Friday, October 2, 2009

Pagoda shoulders- making the pad

In this step we will make the shoulder pad for our pagoda shoulder, and this is where we start to see the beauty of the contours of this shoulder come to life.


Shoulder pads are another controversial subject mainly due to the excesses of the eighties but they can play an important role. The high, square-shouldered figure should avoid them, while the sloping-shouldered figure will benefit from a bit of enhancement (the wonder-bra for the male shoulder). Whether you choose to wad the pad or not is up to you, but a cover at least should always be inserted; if nothing else, it protects the back of the shoulder from stretching while it is on a hanger.

My choice, for my body, is to pad the back of the shoulder, since the slope is considerable, and there is a hollow produced as the shoulder curves forward, away from the blade. A lot of manipulation goes into creating a pocket for the blade and to shortening the back scye, but the area could usually benefit from a little wadding to clean it up; most customers are unaware of the appearance of the back of the scye, not being in the habit of checking 3-way mirrors regularly, but most people could use at least a little bit. Keep in mind that the space we are creating in the front of the shoulder is for comfort and should not be stuffed full of cotton either.

The easiest way to make a good pad is to take apart a commercial one, which is usually pretty straight. There are often holes or notches on the pad to help you locate the approximate shoulder seam location, but you can also tell from the shape- the front being smaller than the back. Take the pad apart completely, then along the center of the pad, draw an arc from one end to the other, approximating the forward curve of the shoulder; one third from the neck on this line, draw up a line ¼” long- this can be longer or shorter, depending on the amount of shape you want. ¼” is usually plenty. Cut the top of the pad part along these lines (if there is a canvas piece under the cover and about the wadding, cut this piece as well).


Using a feather stitch (some call it a baseball stitch), join the two cover pieces (if there was a canvas piece, baste it to the underside of the cover and stitch all layers together).


Cut a bias strip of pocketing and pad stitch it through all layers to cover the seam, cross stitch the edges flat.


Separate all the wadding that was in the pad.


Build up the wadding with thin layers, according to the amount that you want; do not feel the need to use all the wadding- a little goes a long way. Note that the wadding for my pad is concentrated at the back.


Place the cover over the wadding and baste down the center with a long, loose running stitch


Now the shaping.

Keep the shape of the shoulder in mind as you pad stitch with fairly loose stitches to prevent lumpiness. There should be an upward curve when looked at from head on, but there should also be a concave curve in the front (curving toward the front) and a convex curve in the back, following the shape of the shoulder. You may need to give a little tug to the front edge, stretching the curve a bit, to get the right amount of concavity. If you do not hold the shape in like this as you are pad stitching the result will not be satisfactory; as you take each stitch make sure you are molding the pad into the desired shape. If at the end the shape does not look right, take it apart and do it again. It will be worth the effort.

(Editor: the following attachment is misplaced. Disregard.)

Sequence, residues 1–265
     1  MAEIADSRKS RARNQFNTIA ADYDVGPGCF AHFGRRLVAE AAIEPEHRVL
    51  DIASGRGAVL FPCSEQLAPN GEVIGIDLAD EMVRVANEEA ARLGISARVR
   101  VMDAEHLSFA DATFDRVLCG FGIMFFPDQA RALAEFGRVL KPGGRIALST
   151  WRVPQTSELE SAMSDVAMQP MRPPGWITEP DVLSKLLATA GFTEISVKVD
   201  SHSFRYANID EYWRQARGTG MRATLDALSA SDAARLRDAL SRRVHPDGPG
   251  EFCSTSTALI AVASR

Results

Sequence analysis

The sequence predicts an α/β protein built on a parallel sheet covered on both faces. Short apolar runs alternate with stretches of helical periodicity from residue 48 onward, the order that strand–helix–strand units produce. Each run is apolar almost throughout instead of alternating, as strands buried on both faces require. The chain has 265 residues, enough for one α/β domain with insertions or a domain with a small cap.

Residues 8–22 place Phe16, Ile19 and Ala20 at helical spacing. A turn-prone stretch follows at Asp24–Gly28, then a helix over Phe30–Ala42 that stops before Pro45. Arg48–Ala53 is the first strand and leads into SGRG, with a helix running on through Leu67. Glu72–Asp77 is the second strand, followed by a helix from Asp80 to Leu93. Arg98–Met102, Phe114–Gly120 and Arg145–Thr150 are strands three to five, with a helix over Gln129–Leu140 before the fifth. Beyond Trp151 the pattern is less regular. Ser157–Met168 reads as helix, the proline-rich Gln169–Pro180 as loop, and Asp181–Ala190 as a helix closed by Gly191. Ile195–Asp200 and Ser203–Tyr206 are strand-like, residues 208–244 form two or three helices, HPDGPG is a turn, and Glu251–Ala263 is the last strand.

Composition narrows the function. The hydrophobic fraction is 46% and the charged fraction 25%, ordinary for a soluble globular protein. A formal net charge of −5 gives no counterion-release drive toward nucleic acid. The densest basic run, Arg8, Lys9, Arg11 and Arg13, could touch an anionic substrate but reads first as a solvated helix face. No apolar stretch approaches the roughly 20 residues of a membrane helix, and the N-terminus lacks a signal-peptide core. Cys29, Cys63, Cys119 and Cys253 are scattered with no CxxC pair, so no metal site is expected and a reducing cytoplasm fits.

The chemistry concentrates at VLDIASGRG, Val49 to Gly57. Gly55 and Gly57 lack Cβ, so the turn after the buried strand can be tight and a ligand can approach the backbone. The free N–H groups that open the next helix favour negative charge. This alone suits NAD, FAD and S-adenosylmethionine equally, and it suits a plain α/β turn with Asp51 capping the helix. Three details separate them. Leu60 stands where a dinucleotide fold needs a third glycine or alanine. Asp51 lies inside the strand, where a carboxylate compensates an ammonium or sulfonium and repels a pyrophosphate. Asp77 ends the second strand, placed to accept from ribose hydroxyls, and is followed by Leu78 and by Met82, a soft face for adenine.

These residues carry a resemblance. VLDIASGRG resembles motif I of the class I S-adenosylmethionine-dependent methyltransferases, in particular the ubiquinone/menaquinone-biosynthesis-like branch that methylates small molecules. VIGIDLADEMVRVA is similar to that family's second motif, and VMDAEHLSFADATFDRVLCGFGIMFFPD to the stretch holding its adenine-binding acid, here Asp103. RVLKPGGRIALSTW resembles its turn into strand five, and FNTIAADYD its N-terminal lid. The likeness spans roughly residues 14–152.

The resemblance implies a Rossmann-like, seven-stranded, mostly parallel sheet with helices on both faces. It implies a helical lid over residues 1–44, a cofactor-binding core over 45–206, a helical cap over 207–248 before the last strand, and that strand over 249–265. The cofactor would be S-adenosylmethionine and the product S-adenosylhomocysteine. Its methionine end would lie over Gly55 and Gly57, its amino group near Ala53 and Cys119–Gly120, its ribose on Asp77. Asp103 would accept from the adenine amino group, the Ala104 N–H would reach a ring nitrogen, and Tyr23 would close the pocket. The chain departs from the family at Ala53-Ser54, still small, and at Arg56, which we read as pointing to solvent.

Jordan makes a good point which I should have mentioned. If you are dealing with a low shoulder (and we usually are) and are making pads, it is far better to pad the low shoulder more than the higher one; it will make matching checks a little easier but, more importantly, will even out the appearance of the customer. Perkins devices were common for measuring shoulder inclination, but they are all but impossible to find now. Instead, grab one of the clinometer apps for the Iphone and turn your phone into a Perkins device.


Jordan Marc said...

Since the human body is seldom symmetrical, eg, a sloped shoulder on one side and a not so sloped shoulder opposite, it seems to me each pagoda pad must be made separately to create the semblance of balance. If the irregularities are evened out, does it make it easier to construct the coat for a tailor in terms of collarwork, pattern matching, etc, or is it just part and parcel of the fine craftsmanship required for bespoke tailoring?


Natalie said...

PLEASE, do not use your Iphone app to measure!! AHHH. Call Phillip Perkins @ 210-684-6233. Tell him Natalie sent you!

Jack said...

For shoulder pads, I have read somewhere in your dissections where you use terminology such as wadding,'kotex' type, cotton, foam, and a welt type (that doesnt degrade?). I can't recall all of them, and what their relative strengths or weaknesses are.

Please do a post on shoulder pads (like the canvas types and whether they were full / half canvassed etc). It would really help to know what type of padding is used. Thanks!

zackme said...

A naive question: do decent enough, ready to use pagoda shoulder pads not exist?

Post a Comment